Beekeeping: How to Sweeten Up Your Backyard
Author of Bee People and the Bugs They Love
Day after day over the spring and summer of 2020, we found ourselves tethered to our homes, which for most people, meant a lot of time being confined to their property. Whether because they are looking for an escape from a couch-bound existence, or just to feel more centered, people are spending more time outside in local parks or their own backyards. As a result, it has sparked an interest in finding new ways to connect with nature and help heal Mother Earth. Thankfully, there is one hobby that will get you outside, is a great way to give back to our planet, and where distancing oneself from others has always been the socially preferred practice: Beekeeping.
Backyard beekeeping has seen a huge resurgence as more people have become aware of the hardships facing our favorite honey-loving bug. What better way to adjust to social isolation than to care for the world’s most social insect? The great thing about keeping bees is that you can do it just about anywhere. There are beekeepers throughout New York City’s five boroughs and in Yerington, Nevada. Big or small, from North Dakota to Southern Florida, location is never a concern. A hive doesn’t take up much space, as it’s about the size of a filing cabinet and requires only a few feet in every direction for you to stand while opening it up to inspect the bees, or as beekeepers like to say, working the bees.
Beekeeping brings you face-to-face with a species that has been declared the most important on Earth. Honeybees are responsible for one in every three bites of the food we eat, pollinating $20 billion worth of crops in the United States. Everything from apples, oranges, and blueberries—to avocados, cucumbers, and pumpkins—to coffee and the cotton for our clothes—are all thanks to the honeybee. By becoming a beekeeper you’re helping ensure that there are plenty of bees to pollinate the plants where you live, and since bees fly three miles from their hives, each hive is covering a lot of ground!
Caring for bees is also quite peaceful, or as I like to say, Forced Zen, as the bees always keep you present and in the moment. Standing over an open hive will engage all your senses as you immerse yourself into their world, looking, listening, smelling, and feeling what the bees are doing. And if you’re lucky, you’ll even get the taste the pure, raw honey they’ve created from the nectar of all the flowers they’ve visited. You’ll be amazed to think that it takes twelve bees lifetime work to make one teaspoon of honey, and that each one pound of honey is the nectar from two million flowers, which required the bees to fly 56,000 collective flight miles or twice around the Earth to collect. It’s no wonder why humans have been keeping bees for thousands of years and why they’re one of the most studied creatures on the planet.
It’s always best to start with two hives, as it makes your job as a beekeeper easier, and will increase the likelihood that your bees thrive in their new homes. When you’re thinking about where you could place your hives, keep in mind that bees love the sun and it’s best to place hives where they will get the most of it. Face your hives south, as bees come and go during the daylight hours and the sun will light up the entrance as it travels from east to west across the sky, maximizing your bees’ workday.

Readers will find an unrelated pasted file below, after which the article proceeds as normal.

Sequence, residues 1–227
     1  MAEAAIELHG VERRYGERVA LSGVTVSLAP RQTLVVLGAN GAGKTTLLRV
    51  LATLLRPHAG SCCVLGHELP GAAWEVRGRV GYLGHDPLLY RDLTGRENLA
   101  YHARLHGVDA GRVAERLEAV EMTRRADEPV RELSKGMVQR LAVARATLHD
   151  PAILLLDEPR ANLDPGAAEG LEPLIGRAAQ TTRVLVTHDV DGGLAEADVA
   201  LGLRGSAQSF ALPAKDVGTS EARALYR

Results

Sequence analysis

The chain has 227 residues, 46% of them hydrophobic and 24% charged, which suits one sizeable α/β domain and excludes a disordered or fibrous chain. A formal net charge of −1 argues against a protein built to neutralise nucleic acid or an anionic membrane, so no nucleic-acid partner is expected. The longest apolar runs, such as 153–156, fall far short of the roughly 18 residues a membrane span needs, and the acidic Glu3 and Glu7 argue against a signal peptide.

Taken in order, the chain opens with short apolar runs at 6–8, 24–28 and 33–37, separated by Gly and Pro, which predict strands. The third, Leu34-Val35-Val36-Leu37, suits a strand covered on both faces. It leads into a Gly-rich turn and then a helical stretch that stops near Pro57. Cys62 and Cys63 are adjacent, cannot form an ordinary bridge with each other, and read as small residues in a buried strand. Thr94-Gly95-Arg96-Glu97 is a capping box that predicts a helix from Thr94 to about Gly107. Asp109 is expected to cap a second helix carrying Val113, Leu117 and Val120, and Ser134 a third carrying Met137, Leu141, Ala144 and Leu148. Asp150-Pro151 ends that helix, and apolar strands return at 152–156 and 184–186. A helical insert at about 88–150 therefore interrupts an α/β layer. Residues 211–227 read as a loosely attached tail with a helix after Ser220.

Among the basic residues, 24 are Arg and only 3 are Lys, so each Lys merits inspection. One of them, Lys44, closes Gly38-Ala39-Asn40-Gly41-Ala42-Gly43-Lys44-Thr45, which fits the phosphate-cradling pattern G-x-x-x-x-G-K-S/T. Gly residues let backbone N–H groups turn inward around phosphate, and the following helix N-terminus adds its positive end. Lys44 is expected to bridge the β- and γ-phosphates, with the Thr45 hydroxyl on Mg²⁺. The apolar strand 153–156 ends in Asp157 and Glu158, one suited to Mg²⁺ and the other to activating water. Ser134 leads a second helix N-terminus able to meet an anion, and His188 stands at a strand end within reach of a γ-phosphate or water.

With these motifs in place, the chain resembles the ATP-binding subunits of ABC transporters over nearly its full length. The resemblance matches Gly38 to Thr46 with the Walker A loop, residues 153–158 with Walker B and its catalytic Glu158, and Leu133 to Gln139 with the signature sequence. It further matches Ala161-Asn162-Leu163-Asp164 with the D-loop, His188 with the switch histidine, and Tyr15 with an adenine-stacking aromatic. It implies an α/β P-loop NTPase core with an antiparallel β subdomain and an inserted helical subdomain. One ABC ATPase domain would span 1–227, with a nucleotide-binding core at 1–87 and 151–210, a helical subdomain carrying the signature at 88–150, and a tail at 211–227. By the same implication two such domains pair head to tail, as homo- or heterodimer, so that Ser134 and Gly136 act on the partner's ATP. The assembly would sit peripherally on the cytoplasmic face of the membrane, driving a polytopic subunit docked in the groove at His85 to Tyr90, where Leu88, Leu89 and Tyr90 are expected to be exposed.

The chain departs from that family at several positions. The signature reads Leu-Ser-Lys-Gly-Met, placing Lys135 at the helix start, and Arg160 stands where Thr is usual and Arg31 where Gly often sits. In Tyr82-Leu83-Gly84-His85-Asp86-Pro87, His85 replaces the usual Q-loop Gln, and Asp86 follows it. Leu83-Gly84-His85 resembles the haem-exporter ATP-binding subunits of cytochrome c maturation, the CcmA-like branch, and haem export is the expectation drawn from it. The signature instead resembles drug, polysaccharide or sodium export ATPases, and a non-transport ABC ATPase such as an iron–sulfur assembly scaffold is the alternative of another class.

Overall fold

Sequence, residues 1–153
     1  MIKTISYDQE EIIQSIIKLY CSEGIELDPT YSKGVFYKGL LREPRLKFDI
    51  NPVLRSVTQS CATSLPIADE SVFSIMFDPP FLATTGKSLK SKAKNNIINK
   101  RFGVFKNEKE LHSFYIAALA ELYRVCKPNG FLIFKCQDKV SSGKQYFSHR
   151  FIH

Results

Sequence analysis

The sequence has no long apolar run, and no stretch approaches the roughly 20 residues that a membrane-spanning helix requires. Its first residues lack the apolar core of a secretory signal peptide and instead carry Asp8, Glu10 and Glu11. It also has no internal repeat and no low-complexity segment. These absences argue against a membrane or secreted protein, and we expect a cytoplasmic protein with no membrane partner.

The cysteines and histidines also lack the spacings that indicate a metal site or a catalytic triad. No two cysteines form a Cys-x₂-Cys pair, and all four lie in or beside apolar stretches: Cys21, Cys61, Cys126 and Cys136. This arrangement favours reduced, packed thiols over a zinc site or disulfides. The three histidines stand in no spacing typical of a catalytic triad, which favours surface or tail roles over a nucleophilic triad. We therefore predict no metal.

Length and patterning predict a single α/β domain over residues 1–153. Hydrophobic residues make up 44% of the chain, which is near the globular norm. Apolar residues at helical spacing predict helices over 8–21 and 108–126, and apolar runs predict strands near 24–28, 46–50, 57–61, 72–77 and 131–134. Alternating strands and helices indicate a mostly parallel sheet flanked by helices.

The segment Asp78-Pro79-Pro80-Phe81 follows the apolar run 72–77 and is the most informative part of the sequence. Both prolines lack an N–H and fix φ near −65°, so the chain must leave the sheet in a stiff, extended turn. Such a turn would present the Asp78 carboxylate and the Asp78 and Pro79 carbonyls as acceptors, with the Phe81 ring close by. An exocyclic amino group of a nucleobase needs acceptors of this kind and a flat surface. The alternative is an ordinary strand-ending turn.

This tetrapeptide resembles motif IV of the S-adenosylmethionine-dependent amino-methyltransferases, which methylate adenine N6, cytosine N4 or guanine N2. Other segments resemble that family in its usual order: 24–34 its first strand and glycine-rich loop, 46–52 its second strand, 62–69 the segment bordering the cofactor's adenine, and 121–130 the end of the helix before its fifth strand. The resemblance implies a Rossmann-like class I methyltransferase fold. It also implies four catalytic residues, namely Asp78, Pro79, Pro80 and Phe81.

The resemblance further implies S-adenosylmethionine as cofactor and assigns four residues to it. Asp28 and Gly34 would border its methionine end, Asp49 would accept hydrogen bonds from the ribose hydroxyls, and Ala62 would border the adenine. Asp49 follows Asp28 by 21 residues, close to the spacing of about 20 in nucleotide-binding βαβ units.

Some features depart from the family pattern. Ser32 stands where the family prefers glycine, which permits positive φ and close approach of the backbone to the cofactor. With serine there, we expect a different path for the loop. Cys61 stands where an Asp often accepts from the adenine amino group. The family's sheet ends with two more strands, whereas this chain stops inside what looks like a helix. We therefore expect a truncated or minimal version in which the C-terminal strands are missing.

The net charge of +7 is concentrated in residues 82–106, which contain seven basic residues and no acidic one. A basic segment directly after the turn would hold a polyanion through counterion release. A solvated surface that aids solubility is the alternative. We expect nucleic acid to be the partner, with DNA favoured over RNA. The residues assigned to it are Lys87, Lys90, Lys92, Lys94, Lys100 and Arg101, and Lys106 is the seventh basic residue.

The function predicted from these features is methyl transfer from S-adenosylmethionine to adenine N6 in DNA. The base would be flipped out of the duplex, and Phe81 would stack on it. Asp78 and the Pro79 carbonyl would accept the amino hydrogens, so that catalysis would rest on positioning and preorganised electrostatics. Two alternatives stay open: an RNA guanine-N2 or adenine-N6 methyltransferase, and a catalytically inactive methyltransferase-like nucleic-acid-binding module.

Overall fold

It’s also a good idea to think about how non-beekeepers will be using your yard and what will be happening 10-15 feet in front of your hives. One way to visualize the bees’ flight path is to stand where you’re thinking of putting your hives and spray a garden hose 15 feet to 20 feet in front of you. What are the chances of someone, or something, getting wet? What kind of foot traffic does that area of the yard get?
If you think beekeeping might be right for you, join your local beekeeping club. A club is the best way to ensure success. You’ll find people who are willing to help you get started and answer your questions. Here in Ridgewood, the local club is the Northeast New Jersey Beekeepers Association, which serves Bergen County and the surrounding communities throughout Northern New Jersey. You can also check out the New Jersey State Beekeepers website, to find other clubs and events throughout the garden state. It’s also a good idea to familiarize yourself with state beekeeping regulations, which can be found on the New Jersey Department of Agriculture’s website.
Your beekeeping club will be the best resource for information on local beekeeping regulations, supplies, and where to buy your bees. Additionally, to learn about introduction to beekeeping classes that are offered in our area, check out Ridgewood Parks and Recreation for a schedule of upcoming classes and beekeeping events.
There are some great resources available to help you get started. The two best introductory how-to books on the market are:
The Backyard Beekeeper: An Absolute Beginner’s Guide to Keeping Bees in Your Yard and Garden 4th Edition by Kim Flottum
Beekeeping For Dummies 5th Edition by Howland Blackiston
Also, while you have to always be careful about who you’re getting information from online, there are some very reliable beekeeping sources. The best ones are:
University of Florida Honey Bee Lab
University of Guelph Honey Bee Research Centre
Penn State Beekeeping